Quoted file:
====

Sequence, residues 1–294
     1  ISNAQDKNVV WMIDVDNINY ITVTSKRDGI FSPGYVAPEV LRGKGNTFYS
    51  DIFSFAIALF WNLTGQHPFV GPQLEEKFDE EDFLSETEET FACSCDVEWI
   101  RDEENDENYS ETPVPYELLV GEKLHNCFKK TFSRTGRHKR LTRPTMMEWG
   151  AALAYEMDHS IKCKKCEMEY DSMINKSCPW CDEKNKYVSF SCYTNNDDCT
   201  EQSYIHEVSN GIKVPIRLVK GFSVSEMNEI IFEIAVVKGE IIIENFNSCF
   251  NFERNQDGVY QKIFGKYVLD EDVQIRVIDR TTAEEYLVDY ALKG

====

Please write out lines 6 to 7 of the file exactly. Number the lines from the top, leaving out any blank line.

   201  EQSYIHEVSN GIKVPIRLVK GFSVSEMNEI IFEIAVVKGE IIIENFNSCF
   251  NFERNQDGVY QKIFGKYVLD EDVQIRVIDR TTAEEYLVDY ALKG